Bitcoin in Zimbabwe: Importing cars and sending money to family


Bitcoin (BTC) is a tool of freedom and economic empowerment. For Ovidi, a young Zimbabwean, it changed his life when he returned to his home country at the start of the COVID-19 pandemic.

An entrepreneur who first learned about bitcoin while living in the United States, Ovidy has since built a business with bitcoin. Below, Ovidi (center) is pictured with bitcoin traveler Paco (left):

Ovidy imports cars using bitcoin. “I really like to import BMWs,” he told Cointelegraph, as well as enabling peer-to-peer remittance payments to families of friends in Kenya and abroad. In short, bitcoin makes him optimistic about the future.


Ovidi told Cointelegraph that he “faced bitcoin when it was around $10,000” during the 2017 bull run. However, he did not invest “because I had no idea about it.”

“I thought one day you can have bitcoin and have $500; the next day you have $1,000 and it goes up and up.”

They piled up a few sets during this period, but it took years of learning and small experiments tinkering with bitcoin – such as using BitPay to pay for clothing on Amazon – before it became a decentralized digital currency. be able to catch up with. However, it was nothing more than a hobby and an experience that was soon forgotten.

Jump into the dark start of the COVID-19 pandemic in 2020, and Ovidy was bound to return to Zimbabwe from the United States. In an unfortunate turn of events:

“When I came back to Zimbabwe I had nothing to do. There was no job, so I considered forex (forex) trading.

The Forex account asked him to deposit some bitcoins and Ovidy remembered that he had “bitcoins in an old Coinbase account”. They checked, and to their delight, the $500 they bought during 2017 and 2018 was worth more than $2,000.

One eureka moment, Ovidy immediately realized that he could leverage bitcoin for payments and investments. He could create work, and more importantly, a salary for himself. OVD E-Wallet Transfer Hub was born.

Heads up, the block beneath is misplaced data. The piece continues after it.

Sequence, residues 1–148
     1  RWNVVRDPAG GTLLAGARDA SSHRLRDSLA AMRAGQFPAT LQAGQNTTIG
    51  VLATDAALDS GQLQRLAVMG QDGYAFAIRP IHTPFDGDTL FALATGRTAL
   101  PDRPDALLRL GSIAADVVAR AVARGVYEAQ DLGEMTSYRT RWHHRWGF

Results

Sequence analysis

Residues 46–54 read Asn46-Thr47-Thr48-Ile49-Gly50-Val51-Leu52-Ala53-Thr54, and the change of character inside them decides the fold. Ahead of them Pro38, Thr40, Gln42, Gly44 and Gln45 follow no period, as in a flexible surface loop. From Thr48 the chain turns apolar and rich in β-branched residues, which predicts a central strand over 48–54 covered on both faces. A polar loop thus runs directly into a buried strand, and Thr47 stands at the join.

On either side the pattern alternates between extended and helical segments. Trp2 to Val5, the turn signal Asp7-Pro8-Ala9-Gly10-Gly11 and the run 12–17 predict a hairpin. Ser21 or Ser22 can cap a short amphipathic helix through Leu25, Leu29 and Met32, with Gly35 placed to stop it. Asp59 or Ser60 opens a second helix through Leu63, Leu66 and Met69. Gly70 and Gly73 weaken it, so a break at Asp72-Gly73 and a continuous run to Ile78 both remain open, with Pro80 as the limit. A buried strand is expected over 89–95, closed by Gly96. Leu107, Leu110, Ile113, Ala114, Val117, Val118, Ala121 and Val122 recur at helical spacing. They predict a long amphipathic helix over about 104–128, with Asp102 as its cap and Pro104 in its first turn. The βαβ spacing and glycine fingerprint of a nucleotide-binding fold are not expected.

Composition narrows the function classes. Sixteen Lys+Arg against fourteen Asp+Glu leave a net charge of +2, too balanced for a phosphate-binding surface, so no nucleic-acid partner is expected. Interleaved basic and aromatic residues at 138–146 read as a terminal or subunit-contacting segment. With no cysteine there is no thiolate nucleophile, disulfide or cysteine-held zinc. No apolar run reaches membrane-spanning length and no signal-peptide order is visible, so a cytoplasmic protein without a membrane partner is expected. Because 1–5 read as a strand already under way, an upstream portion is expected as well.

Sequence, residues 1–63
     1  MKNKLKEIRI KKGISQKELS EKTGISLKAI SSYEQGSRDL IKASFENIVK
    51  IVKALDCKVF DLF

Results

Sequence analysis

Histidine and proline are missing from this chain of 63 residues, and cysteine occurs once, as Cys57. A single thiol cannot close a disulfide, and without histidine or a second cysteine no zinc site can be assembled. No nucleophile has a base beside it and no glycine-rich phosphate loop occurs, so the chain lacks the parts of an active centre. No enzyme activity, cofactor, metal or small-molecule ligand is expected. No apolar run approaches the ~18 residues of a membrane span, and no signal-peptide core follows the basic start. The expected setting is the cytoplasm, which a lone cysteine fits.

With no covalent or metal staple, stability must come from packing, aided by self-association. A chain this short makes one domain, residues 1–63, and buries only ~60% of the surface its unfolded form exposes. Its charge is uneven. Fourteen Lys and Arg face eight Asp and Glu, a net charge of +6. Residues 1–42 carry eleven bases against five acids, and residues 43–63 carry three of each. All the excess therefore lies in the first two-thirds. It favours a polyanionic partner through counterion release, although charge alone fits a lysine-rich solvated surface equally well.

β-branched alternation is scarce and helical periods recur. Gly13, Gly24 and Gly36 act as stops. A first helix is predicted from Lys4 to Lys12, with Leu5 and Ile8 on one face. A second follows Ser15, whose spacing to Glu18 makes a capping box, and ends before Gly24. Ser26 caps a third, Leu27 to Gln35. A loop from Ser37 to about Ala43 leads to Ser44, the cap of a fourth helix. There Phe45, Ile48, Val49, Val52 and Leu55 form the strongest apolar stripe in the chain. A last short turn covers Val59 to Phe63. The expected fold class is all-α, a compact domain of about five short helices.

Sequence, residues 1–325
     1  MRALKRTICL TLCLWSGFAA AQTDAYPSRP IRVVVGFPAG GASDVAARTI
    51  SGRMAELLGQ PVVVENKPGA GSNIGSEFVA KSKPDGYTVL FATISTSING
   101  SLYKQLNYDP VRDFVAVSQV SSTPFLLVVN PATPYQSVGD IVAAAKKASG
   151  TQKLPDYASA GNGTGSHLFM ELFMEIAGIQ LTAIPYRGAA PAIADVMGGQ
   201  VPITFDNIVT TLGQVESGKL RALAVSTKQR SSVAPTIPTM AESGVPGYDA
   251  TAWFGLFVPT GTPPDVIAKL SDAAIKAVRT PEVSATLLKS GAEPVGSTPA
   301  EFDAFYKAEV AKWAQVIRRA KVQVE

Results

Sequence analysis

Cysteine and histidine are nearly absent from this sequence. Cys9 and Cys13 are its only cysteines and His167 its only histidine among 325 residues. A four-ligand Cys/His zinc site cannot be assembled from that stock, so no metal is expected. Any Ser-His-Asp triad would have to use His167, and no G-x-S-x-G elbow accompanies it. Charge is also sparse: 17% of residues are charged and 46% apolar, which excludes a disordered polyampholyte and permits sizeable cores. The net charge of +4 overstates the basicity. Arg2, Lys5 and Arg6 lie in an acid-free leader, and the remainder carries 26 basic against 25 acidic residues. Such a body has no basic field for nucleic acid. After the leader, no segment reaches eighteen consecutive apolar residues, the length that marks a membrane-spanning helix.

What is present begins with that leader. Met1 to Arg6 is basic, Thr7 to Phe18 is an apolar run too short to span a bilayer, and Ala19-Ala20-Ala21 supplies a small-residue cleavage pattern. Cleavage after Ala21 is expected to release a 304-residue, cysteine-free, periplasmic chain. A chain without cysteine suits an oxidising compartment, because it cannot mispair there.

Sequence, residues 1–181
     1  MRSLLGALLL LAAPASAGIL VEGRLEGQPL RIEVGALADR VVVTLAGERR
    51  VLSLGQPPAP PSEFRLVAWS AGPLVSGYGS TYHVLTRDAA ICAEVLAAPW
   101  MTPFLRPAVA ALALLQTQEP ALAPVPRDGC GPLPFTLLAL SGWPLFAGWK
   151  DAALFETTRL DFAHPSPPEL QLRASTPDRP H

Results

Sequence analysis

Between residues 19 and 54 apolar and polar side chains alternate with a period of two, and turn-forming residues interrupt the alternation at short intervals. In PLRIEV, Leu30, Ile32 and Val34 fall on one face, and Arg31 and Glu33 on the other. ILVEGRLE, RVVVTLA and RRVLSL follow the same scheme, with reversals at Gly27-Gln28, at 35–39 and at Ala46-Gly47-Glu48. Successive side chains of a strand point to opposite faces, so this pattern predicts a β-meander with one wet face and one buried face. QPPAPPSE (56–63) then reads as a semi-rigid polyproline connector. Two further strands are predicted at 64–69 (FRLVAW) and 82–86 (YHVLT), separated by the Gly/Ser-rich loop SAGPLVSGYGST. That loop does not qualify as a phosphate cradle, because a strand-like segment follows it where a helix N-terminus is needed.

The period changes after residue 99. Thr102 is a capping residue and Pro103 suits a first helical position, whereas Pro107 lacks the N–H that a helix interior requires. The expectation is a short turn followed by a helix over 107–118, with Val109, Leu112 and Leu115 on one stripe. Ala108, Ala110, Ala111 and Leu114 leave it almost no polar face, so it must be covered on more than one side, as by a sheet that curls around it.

A flyer for Ovidy’s money transfer business. Source: Facebook

He tapped into his network of contacts and started facilitating the import of cars from Japan. From BMW to Toyota to off-the-shelf Honda, his Zimbabwean customers give him dollars, then he sends bitcoin to Japanese car dealerships. Weeks later, the cars arrive. he explained:

“It is impossible for me to send dollars to Japan because the only way to do this is through banks. When something gives me $5,000 in bitcoin, I send the bitcoin to Japan almost immediately, and I already have cash. and the transaction is confirmed. Bitcoin is a fast and secure process.”

He said the process would take more than two weeks and would involve higher commissions if it was done through banks.

related: ‘We don’t like our money’: the story of CFA and bitcoin in Africa

Ovidy charges a small commission on the sale of cars and balances the money it earns with a money transfer service that uses bitcoin remittances in reverse. Since the dollar is in short supply in Zimbabwe, Ovidy receives bitcoins from “Zimbabwean family members” or the families of friends in Kenya or abroad, and sends that dollar to cars in return.

OVD recently imported two cars, all paid for with bitcoin. Source: Ovidi

Ovidi told Cointelegraph that bitcoin adoption in Zimbabwe is on the rise, but it hasn’t been easy. Many people “don’t really trust bitcoin,” and there is an important education gap:

“At first people didn’t appreciate bitcoin because most people who invest get scammed. When I was learning about bitcoin, I too, I was scammed of $500! A confident “investment company” asked me for money, and I didn’t realize it.

He mentioned that the hardest part about bitcoin adoption – especially for older generations – is that it is not tangible. A friend of his, William Chui, built the “Bitcoin House using money from bitcoin” to “prove to people that with bitcoin you can really be financially free.”

Bitcoin House, created by Ovidy’s friend William Chui. Source: Ovidi

While education remains a deterrent in the face of high inflation in the country, he remains hopeful. “We start small and 10 to 15 years from now – and given that younger generations appreciate bitcoin – there will be a significant number of people adopting bitcoin in Zimbabwe.”